Monday 26/11/12 – The canal is really what has put Panama on the map so we decided to check it out. We were a little ambitious and arrived via taxi well before the visitors centre opened. We spent another 45 minutes watching the local birds play on the superbly manicured lawns before the doors were opened and we were allowed to enter. We perched ourselves on the fourth floor balcony and watched 2 huge container ships pass through the canal levies. It was amazing to watch the huge boats (that barely cleared the sides by about 2 metres) piloted through by heavy trams and tug boats and then see them rise as the levies were filled. The facility also had a theatre and museum that detailed the history of the canal and the future expansion that is currently underway.

We returned to the city via the Kawasaki dealer that was closed for the public holiday that no-one had told us about, and then headed out to the mall so Kenz could watch the trite, erroneous, fallacious atrocity that is the current (or all) Twilight movie(s). I couldn’t lower myself to watch such garbage, so I went to see the new Bond film. It was strange to watch a movie in a non-English speaking country, the people laughed at some strange things.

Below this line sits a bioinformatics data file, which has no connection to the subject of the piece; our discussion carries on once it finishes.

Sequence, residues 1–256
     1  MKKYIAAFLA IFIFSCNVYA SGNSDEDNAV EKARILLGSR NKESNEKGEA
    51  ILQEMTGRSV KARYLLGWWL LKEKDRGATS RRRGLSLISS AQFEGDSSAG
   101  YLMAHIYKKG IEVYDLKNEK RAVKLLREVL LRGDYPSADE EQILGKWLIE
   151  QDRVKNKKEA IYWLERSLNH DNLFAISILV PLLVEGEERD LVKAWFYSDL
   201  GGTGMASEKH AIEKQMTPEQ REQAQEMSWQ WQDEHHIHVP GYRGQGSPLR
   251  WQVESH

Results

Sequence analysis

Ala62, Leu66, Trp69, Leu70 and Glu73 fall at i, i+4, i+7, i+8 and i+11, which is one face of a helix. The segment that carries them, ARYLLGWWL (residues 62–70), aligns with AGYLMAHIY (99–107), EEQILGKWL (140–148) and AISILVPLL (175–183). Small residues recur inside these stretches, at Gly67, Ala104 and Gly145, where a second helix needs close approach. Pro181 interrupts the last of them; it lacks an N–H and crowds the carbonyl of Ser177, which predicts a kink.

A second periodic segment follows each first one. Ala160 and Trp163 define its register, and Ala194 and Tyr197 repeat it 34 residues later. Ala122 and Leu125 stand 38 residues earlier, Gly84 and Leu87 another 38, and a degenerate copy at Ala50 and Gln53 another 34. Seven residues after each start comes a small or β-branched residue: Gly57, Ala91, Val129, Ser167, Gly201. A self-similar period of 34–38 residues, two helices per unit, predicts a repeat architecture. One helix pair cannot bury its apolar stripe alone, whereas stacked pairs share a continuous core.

After returning to the hostel, we did exciting things like laundry, cleaning bike chains and try to glue the many holes in our motorcycle boots. We also sprayed half a can of odour-eater in the boots but it didn’t work – there was far too much odour for the eater’s appetite. We chilled out in the evening talking to some fellow Australian travellers (Bernie and Trevor) who are wandering their way across the world hoping to end up in Africa. The hostel always plays a local radio station that cycles through about 4 songs over and over including Gangnam Style, some Katie Perry song, a classic by One Direction, and some rubbish reggae song. After an hour I wanted to stab myself in the ears but about 6 hours later I was tapping along and bopping to the music – it’s amazing what blanket marketing can do, if you hear something enough you end up liking it or believing it. I have a high tolerance for repetitive music as I once listened to the song ‘Gold’ by Spandau Ballet on repeat for 12 hours a day for 4 days straight (just to see how it would affect my mental state – it was a good lesson in endurance), but Kenz was struggling tonight.